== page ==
Lavender in the Garden

Learn how the color pink affects you and your garden. Then discover the best ways to use pink, both alone and in combination with other colors.
Lavender's Many Faces
Lavender_Purple Daisies Asters provide late-season shades
of lavender in the garden.
Aster x frikartii, shown here,
is a good choice for small
gardens because of its
compact size.

As the most common flower color, lavender has many faces. It cools to a periwinkle blue in the flowers of Vinca minor and warms to a reddish mauve in clematis or pansy blossoms. Lavender abounds among the blossoms of herbs, from chives and hyssop to thyme, catmint, and sage.

Lavender forms harmonies with its cousins in the color spectrum: deep violet and magenta. Pale lavender creates soothing pastel scenarios when paired with white, pink, or pale yellow. Bluer shades of lavender shine when warmed by the company of complementary yellow-orange or peach. Planted near silver foliage, lavender looks luminous.

Lavender_Purple Lavendar With Yellow Plants Along Paved Walkway Lavender (the plant, not the color)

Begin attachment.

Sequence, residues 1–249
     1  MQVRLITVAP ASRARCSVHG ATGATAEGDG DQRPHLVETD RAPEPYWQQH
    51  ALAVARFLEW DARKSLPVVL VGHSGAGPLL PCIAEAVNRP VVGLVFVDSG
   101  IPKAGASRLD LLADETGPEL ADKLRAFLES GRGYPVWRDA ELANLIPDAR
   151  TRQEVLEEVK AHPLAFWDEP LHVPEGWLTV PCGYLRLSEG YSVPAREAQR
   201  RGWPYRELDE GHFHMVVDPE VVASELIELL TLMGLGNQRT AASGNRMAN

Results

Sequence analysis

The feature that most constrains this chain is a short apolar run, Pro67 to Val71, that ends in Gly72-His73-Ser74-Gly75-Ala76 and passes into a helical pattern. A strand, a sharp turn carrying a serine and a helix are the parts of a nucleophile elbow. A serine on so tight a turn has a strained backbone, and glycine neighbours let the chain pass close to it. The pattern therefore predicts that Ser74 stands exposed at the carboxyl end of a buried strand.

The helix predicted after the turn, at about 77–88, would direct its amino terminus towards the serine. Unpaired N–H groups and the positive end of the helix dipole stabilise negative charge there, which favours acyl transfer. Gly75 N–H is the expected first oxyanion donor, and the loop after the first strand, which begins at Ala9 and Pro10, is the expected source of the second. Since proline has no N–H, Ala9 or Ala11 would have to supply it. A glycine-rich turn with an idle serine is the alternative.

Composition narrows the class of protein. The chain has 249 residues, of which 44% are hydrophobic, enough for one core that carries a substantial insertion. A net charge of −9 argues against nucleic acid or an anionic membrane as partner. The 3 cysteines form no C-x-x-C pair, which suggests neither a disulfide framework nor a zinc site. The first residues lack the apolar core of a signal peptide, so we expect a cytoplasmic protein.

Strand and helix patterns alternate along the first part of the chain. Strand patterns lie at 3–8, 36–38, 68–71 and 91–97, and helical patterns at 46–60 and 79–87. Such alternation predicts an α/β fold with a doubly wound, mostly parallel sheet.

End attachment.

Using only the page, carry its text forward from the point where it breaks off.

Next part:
is a Mediterranean native that
does well in sun, heat, and poor soil.

One weakness of lavender: It tends to fade into a dull haze en masse. Prevent this occurrence by interplanting it with bolder colors such as crimson or gold. Yellow makes a perfect partner. (Picture lavender and pale yellow violas that sport both colors in their spring blooms.) Chocolate brown foliage mixed with lavender flowers results in a spectacular marriage. At first blush, pink and lavender might seem too rosy a garden color scheme, but it's a combination that works. Lavender larkspur glows next to pink coneflower. Add white or sky blue to balance the pink tones. Mauve also goes well with cream, buff, gray, and pink.

Lavender enhances the fall garden's earth tones of bronze, orange, and gold with a touch of the ethereal, represented by perennial asters, fall crocuses, and aconites.

Continued on page 2:  Lavender in Your Garden